Monday, May 12, 2008

Will Rogers Memorial

We walked into the imposing Will Rogers Memorial in Claremore, OK, knowing not much more about the actor / humorist / writer / philosopher than that he “never met a man he didn’t like.” For the next three hours, we read excerpts from his two million words as a newspaper columnist, wandered among hundreds of photos and artifacts, watched clips from several films – some of which illustrated Rogers’ remarkable athletic ability and skill as a roper – and listened to some of his radio broadcasts.

When we left the museum, which is truly worthy of a president, we felt we had known this amazing man personally.

A life-size bronze statue of Rogers on horseback stands atop a limestone base in front of the museum, and in front of the family crypt, where Rogers, his wife and others in the family are buried. Inside the 20,000 square foot museum (which was dedicated in 1938), hundreds of exhibits tell the story of his life and untimely death at age 55.

Born in Indian Territory – what would later become Oklahoma – on November 4, 1879, William Penn Adair Rogers had been the first youngster in the territory to own a bicycle. After his first plane ride in 1915, Rogers decided flying was his preferred mode of travel. One quote repeated in the museum has Rogers saying, “If your time is worth anything, fly. Otherwise, you might just as well walk.”

The memorial to Rogers in Claremore, a dozen miles south of the Dog Iron Ranch in Oologah, where he had been born, is exceptional. The impressive facility is perched atop a 20-acre hilltop originally purchased with the intent of building his retirement home there. Following his death, his wife, Betty, donated the land for the memorial.

In addition to hundreds of exhibits, photos and memorabilia, videos run continually in nine galleries. They show a zany Rogers having breakfast with his family; acting in several of his movies; giving a radio broadcast; and hopping a remarkable two-step through a pair of twirling ropes – one in each hand. He’s also seen in one of his Ziegfeld Follies routines, and tossing three spinning rope lassos at a horse and rider, snaring them in a figure-eight pattern (this is absolutely mesmerizing). The films bring the man vividly to life, and help make you feel you knew him well – or at least wish you had.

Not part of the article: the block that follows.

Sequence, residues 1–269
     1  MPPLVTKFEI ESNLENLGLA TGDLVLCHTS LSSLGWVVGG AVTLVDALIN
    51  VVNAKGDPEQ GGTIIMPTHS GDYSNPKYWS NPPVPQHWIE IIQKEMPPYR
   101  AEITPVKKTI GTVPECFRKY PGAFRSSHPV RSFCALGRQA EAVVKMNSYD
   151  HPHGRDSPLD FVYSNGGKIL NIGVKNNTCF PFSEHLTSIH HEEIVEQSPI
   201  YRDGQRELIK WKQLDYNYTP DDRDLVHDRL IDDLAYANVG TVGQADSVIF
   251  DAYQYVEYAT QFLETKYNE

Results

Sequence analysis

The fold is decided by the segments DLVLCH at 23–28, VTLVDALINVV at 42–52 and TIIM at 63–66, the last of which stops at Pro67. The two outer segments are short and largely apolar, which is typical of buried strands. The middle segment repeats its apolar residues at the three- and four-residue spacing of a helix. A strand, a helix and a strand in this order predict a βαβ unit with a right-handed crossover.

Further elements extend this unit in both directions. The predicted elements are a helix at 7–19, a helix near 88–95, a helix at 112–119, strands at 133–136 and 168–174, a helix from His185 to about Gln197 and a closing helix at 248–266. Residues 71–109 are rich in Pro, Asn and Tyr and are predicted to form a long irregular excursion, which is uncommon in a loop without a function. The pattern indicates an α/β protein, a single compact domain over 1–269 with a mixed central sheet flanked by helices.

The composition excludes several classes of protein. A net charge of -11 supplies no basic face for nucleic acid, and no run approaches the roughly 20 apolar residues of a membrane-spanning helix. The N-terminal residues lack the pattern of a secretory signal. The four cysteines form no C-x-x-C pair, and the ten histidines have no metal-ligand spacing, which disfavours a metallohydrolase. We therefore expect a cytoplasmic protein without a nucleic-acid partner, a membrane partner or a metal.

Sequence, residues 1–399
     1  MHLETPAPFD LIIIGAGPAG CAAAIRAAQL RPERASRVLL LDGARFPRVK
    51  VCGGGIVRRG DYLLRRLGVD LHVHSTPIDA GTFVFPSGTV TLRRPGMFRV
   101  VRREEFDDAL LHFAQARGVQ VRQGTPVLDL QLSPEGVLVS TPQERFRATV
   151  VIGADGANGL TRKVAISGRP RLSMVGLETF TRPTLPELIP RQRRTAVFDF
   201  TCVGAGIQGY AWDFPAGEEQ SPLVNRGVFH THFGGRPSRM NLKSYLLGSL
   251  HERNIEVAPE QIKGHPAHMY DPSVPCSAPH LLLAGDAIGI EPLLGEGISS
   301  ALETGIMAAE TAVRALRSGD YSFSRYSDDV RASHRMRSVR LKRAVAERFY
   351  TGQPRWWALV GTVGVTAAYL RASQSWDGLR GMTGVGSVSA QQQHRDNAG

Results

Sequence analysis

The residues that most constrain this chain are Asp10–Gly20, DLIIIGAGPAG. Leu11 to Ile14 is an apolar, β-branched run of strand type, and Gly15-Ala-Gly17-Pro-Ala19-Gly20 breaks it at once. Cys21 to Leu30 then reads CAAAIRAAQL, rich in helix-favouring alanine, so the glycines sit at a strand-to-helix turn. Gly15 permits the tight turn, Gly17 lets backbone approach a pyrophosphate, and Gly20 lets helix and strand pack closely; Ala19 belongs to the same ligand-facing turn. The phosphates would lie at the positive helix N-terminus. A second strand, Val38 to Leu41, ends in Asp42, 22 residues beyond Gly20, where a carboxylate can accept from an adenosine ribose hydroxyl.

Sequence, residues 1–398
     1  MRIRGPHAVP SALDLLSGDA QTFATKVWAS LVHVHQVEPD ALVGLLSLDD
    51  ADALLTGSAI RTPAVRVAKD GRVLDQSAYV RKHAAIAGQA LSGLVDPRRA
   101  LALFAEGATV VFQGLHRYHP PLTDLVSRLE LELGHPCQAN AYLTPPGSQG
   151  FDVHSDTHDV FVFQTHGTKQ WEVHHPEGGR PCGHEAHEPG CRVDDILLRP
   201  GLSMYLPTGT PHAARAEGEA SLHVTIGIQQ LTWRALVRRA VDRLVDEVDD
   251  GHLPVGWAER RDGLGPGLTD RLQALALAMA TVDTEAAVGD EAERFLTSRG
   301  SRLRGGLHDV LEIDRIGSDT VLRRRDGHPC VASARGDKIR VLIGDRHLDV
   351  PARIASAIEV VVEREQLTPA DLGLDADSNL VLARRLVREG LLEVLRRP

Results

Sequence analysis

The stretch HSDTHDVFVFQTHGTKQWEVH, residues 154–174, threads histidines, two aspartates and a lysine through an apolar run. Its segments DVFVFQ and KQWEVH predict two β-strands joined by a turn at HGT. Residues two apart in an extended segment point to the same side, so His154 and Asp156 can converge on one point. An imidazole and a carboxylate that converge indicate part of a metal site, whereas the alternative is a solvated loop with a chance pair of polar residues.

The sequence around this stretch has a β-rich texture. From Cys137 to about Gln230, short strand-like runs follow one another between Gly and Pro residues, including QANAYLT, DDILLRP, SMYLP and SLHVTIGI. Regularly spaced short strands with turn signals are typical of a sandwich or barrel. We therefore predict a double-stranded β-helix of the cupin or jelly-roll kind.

This little statue was a plaster copy of an original by cowboy artist Charlie Russell. The bronze sat next to it in the museum case. The special thing about this plaster copy is that Charlie Russell hand-painted it himself and gave it to the family. The family quietly kept it to themselves, then donated it to this memorial. It is invaluable.

What a fine day in ... Our Life on Wheels!

1 comment:

  1. Jerry & Suzy,
    I got your instructions to try over the weekend at home but I have the old timey, very, very slow dial up connection at home and I don't even try to access anything from there. I wait til I get to work and check things on my break. This is the first chance I've had to try what you asked me to do. So here goes.


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